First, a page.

A security leak is found at a Southern California atomic plant. The authorities stand in fear that the information leaked would go to a hostile nation. To investigate the case more ...
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A security leak is found at a Southern California atomic plant. The authorities stand in fear that the information leaked would go to a hostile nation. To investigate the case more efficiently, Dan O'Hara, an FBI agent, and Philip Grayson, a Scotland Yard sleuth, join forces. Will they manage to stop the spy ring from achieving their aim?Written by
1948's Walk a Crooked Mile bursts out of the stale post-war semi-documentary format to become an absorbing espionage drama, thanks to:
*Carefully rationed, no-nonsense writing (screenplay by George Bruce; story by longtime veteran Bertram Milhauser (over 60 film treatments in 50 years!);
*Sharp and spare direction (by the versatile Gordon Douglas - said to be the only person to direct both Elvis and Sinatra). Filming took less than a month;
* Watchful camera (cinematography by George Robinson), and enchanting location work in the beautiful San Francisco of nearly three-quarters of a century ago;
* Unobtrusive acting by leads Dennis O'Keefe as an FBI agent and Louis Heyward as his Scotland Yard counterpart;
* Enough angles and twists to keep you guessing to the very last frame;
*And shrewd bit-casting (with an unexpected throat-catching moment lasting less than 20 seconds that you will remember for a long time , from veteran ...and uncredited... actress Tamara Shane - Moma Yoelson in The Jolson Story (1946) and Jolson Sings Again (1949) and Mrs Akim Tamiroff in real life -- as The Landlady).
All this cinematic professionalism produces so much edge and vitality that a virtually unheralded, almost forgotten 1948 Cold War Feds 'n Reds potboiler is transformed into a surprisingly compelling action movie, complete with smart detective work, a rats' nest of sneering villains (look for a hirsute, almost svelte and quite nasty Raymond Burr), unexpectedly tense car chases and really noisy Thompson sub-machine guns.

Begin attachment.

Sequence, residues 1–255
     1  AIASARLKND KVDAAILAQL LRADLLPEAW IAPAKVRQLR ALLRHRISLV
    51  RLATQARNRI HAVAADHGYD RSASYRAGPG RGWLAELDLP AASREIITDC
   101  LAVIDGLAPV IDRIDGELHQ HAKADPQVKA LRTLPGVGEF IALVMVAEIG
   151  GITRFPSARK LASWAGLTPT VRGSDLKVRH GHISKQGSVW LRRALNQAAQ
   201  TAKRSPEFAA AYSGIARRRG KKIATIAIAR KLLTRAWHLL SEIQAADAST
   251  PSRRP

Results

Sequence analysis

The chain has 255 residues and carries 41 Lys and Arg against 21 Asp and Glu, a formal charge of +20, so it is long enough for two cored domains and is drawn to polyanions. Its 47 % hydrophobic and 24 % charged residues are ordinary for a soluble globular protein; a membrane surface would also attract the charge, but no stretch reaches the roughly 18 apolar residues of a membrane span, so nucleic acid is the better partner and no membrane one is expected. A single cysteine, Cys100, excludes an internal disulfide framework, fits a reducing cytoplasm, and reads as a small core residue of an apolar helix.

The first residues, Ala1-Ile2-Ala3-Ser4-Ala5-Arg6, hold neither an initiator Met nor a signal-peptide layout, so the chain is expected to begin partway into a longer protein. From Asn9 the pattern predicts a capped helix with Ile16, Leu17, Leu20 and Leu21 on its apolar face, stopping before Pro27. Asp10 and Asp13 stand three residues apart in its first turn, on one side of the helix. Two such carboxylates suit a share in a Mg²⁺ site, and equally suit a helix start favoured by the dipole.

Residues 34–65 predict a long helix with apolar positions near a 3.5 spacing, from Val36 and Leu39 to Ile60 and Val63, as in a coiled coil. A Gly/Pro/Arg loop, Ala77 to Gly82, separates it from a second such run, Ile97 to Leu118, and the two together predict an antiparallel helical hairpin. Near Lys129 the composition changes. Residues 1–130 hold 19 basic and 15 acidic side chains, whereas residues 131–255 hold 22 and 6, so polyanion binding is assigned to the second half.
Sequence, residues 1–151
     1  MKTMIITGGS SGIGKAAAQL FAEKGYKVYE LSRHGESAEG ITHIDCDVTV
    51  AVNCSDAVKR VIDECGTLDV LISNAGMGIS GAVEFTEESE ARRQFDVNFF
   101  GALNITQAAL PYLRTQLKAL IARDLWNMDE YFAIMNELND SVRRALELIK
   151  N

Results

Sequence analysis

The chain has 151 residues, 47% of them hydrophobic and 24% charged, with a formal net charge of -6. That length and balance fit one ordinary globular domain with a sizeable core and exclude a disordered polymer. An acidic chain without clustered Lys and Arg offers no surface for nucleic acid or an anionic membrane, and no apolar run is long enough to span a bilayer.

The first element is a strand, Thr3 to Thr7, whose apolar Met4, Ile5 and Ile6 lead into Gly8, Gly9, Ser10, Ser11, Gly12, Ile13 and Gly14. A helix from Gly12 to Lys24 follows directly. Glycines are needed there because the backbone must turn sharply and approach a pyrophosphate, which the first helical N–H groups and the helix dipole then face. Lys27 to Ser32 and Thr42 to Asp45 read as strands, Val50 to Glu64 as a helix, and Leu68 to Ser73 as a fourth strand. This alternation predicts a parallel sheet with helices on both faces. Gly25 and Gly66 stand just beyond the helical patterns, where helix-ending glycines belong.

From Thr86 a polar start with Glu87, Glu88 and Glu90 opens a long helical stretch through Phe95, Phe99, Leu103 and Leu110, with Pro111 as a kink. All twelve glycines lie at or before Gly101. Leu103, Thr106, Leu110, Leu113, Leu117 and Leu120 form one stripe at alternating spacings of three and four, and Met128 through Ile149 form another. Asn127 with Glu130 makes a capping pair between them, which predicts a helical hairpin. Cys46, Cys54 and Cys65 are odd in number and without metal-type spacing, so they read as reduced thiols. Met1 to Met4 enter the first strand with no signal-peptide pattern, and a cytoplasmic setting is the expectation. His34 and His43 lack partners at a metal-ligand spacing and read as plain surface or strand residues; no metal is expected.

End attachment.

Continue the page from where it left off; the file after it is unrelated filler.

The crafty script doesn't pull at its leash, begging for attention, but instead remains in the background, a steadily ticking clock mechanism -- or perhaps a time bomb -- pushing the nail-biting action forward, with twists and turns at every corner.
Using the documentary style format complete with the stentorian baritone of Reed Hadley, indispensable voice-of-God in the "official" crime dramas of the time, this Columbia Pictures black-and-white feature zeroes in on one of the most disquieting aspects of the Cold War: theft of nuclear secrets.
Atomic plants worry about two kinds of leak: radiation and security. In the fictional Southern California research lab of Walk A Crooked Mile, it's a security leak that has the FBI's Geiger Counters ticking away madly. Vital secrets are being stolen by an unnamed foreign power. (Soviet Russia is never named, but there are plenty of "comrades" and "dictatorship of the proletariat" speeches bandied around by un-American conspirators as to leave no question just which Pravda-subscribing Great Bear is after our Atomic Honey. Besides, villain Raymond Burr is wearing a goatee just like Lenin's!)
Because of the international ramifications of the thievery, the FBI (Dennis O'Keefe) and Scotland Yard (Louis Hayward) join forces to try and catch the red crooks.
Unique among FBI films of the period, the "Chief" is never seen or heard: J. Edgar Hoover is never even mentioned! Indeed, the producer, Edward Small, had had no cooperation from the agency, and Director Hoover had even written a letter to the New York Times complaining that the movie had not been sanctioned by the Bureau. (Reportedly, Walk a Crooked Mile had been originally titled FBI vs Scotland Yard but this was changed at Mr. Hoover's request.)
Despite this official hands-off policy, there is an air of authenticity about the proceedings as the sleuths employ the latest technology in an attempt to uncover the spy ring. The technology may seem to be on a kids' chemistry set level to our sophisticated eyes three-quarters of a century later, but the agents from the FBI and Scotland Yard use their brains as well - and this display of sharp wits is a nice change from the robotic by-the-numbers G-Man tales of the time. And lots of unexpected curves along this crooked mile keep you guessing for every minute of a wild ride.
A good spy thriller, with astute detective work neatly balanced by the occasional bout of violent action.
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